Khodovarikha’s lonely beauty in Second Life

Khodovarikha; Inara Pey, October 2017, on Flickr Khodovarikha – click any image for full size

Serene Footman, the man behind Furillen, (see here, here and here for more) and La Digue du Braek (see here) opened a further region in August 2017. Once again it is an atmospheric setting based on a location in the physical world.

Khodovarikha, a Homestead region, is modelled after the spit of land going by the same name which projects eastwards into the Pechora Sea off the coast of north-west Russia. As you might expect from this description, it is a lonely and desolate place – and such places hold an appeal with Serene. In 2015, the area was the focus of a Russian Television documentary, Arctic Limbo, and this appears to have served as Serene’s inspiration in designing the region.

Khodovarikha; Inara Pey, October 2017, on Flickr Khodovarikha

Serene’s vision of Khodovarikha captures the desolate isolation of the area perfectly – and provides a magnificent  reproduction of its most notable landmark: the great wooden lighthouse. This ceased operation in 1996, but played an important role in guiding the convoys bringing supplies and munitions to Russia during World War Two. Within Serene’s setting, the lighthouse is both operational and truly dominates the landscape, but otherwise closely resembles the original right down to a hole in the tower’s base.

The region itself is split into two, with a slender finger running west-to-east to the north, a narrow channel of water separating it from the larger land mass to the south, where the lighthouse resides. The landing point is towards the western end of the northern finger of land, and the easiest route around the island is clockwise, following the rough wooden board walk pointing east from the landing point. This leads visitors over sand and past ageing buildings to where a large wooden warehouse-like structure topped by the dome of a Doppler radar system faces the lighthouse across the neck of water, an old wooden bridge linking the two.

Khodovarikha; Inara Pey, October 2017, on Flickr Khodovarikha

The loneliness of the island is encapsulate in the spread of the building and their generally dilapidated state. The detritus of human living – oil barrels scattered across the sand, sanding in untidy groups or part-buried, sacks of rubbish left to freeze outdoors, and the spoils of collapsed walls and bonfires – all add to the sense of isolation. This is not a place where appearance and neatness matter.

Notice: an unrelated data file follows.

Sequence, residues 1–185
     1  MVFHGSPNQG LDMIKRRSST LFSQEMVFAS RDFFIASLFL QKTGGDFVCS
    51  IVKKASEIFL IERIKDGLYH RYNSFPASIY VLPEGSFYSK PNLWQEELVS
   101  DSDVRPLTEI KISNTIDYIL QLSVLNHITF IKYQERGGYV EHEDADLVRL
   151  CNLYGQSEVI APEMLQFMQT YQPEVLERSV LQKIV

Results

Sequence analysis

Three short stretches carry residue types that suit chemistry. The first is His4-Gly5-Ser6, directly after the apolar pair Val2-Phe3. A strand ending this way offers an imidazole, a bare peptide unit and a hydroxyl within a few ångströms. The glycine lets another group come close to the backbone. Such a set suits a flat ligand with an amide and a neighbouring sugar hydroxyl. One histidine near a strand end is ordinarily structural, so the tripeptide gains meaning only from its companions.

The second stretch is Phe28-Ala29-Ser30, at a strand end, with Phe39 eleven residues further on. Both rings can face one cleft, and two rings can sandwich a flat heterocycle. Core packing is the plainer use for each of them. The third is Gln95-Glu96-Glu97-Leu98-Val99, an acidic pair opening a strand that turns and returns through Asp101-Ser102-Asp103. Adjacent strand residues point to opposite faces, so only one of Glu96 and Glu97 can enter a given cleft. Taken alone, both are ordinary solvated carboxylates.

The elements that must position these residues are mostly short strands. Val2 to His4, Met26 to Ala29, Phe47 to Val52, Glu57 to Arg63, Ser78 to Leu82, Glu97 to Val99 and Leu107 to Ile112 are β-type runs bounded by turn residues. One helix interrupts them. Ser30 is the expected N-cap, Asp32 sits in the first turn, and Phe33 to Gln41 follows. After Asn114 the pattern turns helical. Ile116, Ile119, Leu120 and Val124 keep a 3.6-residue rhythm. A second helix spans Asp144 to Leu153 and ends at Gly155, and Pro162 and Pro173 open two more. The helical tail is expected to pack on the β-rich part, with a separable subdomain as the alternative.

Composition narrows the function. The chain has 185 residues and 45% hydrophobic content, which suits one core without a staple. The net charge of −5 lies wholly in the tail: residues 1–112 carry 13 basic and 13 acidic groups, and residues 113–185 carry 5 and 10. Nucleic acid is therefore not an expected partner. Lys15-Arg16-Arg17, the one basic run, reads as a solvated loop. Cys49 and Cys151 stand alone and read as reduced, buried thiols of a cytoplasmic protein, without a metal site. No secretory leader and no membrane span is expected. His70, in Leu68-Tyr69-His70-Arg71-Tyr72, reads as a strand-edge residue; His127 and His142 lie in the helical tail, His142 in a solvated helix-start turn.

There is also a wealth of detail to be found here that further adds to the remoteness of the setting, particularly inside several of the buildings, where care has been taken to reflect the lonely lifestyle of Khodovarikha’s one full-time inhabitant, Slava, and the work involved in keeping things running – if that’s the right term. The air of untidiness around some of these work spaces perhaps offers a subtle suggestion of  Slava’s one-time assistant, Ustin, moving listlessly around the scattered buildings, carrying out assigned tasks during his year-long stay, missing his family and home.

Khodovarikha; Inara Pey, October 2017, on Flickr Khodovarikha

There is a gentle beauty always present in Serene’s builds, and this is certainly the case here. The overcast sky fading to a distant horizon haze, softens the setting and adds to the mystery. Looking out towards that distant horizon, it’s not too difficult to imagine the research vessel  Mikhail Somov looming out of the mists on its annual visit to deliver supplies to Slava. Or, for the more imaginative mind, to see the faint, distant shadows of the wartime convoys slipping past in the distance, ghostly shadows within the grey-blue haze.

Khodovarikha is a magnificent build, reflecting its physical world namesake almost perfectly. It is hauntingly beautiful rendering of desolation and loneliness, richly echoing the RT documentary. It is a perfect destination for those who – like Slava – wish to escape the world (at least for a while). And for those who do, there are plenty of opportunities not just for exploration, but for sitting and pondering or talking, indoors and out – some of which are quite imaginatively placed for the keen-eyed.

Khodovarikha; Inara Pey, October 2017, on Flickr Khodovarikha

This is a place most definitely deserving of a visit, and you can find out more on the background of the build and on Khodovarikha in general by reading Serene’s own blog post on his inspiration in designing the region, which delves into things like the meaning behind the big building with its striped radar dome and the inclusion of a half-finished Rawin Dome on the south side of the island, all of which adds further depth and context to the build.

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3 thoughts on “Khodovarikha’s lonely beauty in Second Life

  1. Thanks very much for this review Inara. It is beautifully written, and very perceptive. I am really pleased that you enjoyed this sim, and that you have written about it in such a wonderful way. Best wishes, Serene Footman


    1. Serene,

      Thank you for dropping by, and glad you enjoyed the write-up :). Always enjoy your region designs, and Khodovarikha is perfectly framed; very much enjoyed our time exploring over the last couple of days!


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